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Politically Correct Animal Language

Can changing the language change people's attitudes about animals?

quizzical dogLately I've read a number of sarcastic comebacks to a proposal made by the editors of the Journal of Animal Ethics pleading for greater mindfulness in language about animals. The journal argues for dropping out of our vocabulary words and phrases such as "vermin," "beasts," or "eat like a pig." The editors suggest that even words like "pet," "wildlife" or "animal" carry negative associations—perhaps, they hint, we could instead refer to them respectively (and respectfully) as "companion animals," "free-living animals" or "differentiated entities."

Many of the commentaries I've read poke fun at the notion that poor Fido will feel miffed if we refer to him by the derogatory word "pet." Erin Skarda, writing for Time, snickers "We're pretty sure that your dog doesn't mind being called a ‘pet' just as long as you keep up with the tasty food, belly scratches and long walks around the neighborhood."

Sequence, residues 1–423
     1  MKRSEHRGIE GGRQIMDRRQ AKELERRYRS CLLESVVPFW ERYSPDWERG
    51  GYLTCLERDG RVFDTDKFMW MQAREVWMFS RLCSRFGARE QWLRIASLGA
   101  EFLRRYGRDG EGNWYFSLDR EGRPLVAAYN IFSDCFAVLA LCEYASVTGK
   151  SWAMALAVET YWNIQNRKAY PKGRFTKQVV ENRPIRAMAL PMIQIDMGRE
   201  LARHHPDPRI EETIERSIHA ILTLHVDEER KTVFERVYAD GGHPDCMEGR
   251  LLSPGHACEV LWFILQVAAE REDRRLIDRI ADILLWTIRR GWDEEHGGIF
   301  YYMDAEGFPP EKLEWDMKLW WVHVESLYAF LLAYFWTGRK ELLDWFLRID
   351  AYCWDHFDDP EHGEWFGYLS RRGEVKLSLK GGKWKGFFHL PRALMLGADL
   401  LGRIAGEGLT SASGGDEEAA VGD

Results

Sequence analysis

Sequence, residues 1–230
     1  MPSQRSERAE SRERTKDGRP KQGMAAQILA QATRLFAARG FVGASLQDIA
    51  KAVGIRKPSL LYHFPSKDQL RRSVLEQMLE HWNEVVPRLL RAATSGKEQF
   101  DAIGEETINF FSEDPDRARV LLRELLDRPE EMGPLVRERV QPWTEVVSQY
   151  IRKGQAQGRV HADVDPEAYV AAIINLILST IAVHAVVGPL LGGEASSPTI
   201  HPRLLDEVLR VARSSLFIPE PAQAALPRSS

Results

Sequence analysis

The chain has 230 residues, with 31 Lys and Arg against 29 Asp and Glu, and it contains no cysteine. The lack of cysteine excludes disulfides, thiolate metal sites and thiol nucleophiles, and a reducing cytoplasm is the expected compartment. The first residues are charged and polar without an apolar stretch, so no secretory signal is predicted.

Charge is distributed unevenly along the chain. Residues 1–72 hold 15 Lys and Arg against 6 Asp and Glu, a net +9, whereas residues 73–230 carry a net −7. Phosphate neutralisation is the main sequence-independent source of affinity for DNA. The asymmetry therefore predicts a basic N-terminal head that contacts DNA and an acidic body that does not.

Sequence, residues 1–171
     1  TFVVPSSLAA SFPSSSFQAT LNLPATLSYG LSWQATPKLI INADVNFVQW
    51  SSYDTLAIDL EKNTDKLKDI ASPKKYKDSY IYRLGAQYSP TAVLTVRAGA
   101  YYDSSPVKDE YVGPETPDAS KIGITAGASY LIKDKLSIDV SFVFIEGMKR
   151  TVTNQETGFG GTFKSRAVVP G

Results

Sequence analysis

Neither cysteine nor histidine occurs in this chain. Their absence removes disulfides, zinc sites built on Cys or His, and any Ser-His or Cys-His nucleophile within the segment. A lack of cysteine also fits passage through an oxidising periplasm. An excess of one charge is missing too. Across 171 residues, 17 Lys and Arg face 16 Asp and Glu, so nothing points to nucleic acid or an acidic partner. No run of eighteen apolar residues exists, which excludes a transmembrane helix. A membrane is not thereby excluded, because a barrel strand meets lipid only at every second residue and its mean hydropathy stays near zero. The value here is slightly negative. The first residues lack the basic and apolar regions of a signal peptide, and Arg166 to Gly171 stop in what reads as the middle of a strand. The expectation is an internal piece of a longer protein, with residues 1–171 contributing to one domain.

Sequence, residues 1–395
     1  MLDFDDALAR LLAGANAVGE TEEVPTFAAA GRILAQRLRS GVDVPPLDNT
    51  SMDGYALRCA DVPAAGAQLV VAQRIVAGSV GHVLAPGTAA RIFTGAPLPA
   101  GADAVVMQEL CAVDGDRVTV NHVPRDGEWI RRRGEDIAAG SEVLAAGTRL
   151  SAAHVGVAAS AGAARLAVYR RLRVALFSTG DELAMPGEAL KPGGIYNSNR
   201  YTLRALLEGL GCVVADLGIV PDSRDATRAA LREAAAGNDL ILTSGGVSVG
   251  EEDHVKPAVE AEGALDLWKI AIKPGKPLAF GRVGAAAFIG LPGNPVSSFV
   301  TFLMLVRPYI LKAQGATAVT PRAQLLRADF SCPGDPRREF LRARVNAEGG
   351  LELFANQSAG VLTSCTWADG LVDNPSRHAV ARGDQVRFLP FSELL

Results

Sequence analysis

Amusing copy, but hardly the point.

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What the editors of JAE are after, obviously, is the attitudes of the human variety of animals. The hope is that avoiding language with negative baggage will help nudge our culture away from views of animals as mere property, resources or threats. Snarky editorials aside: would this strategy of language reform work?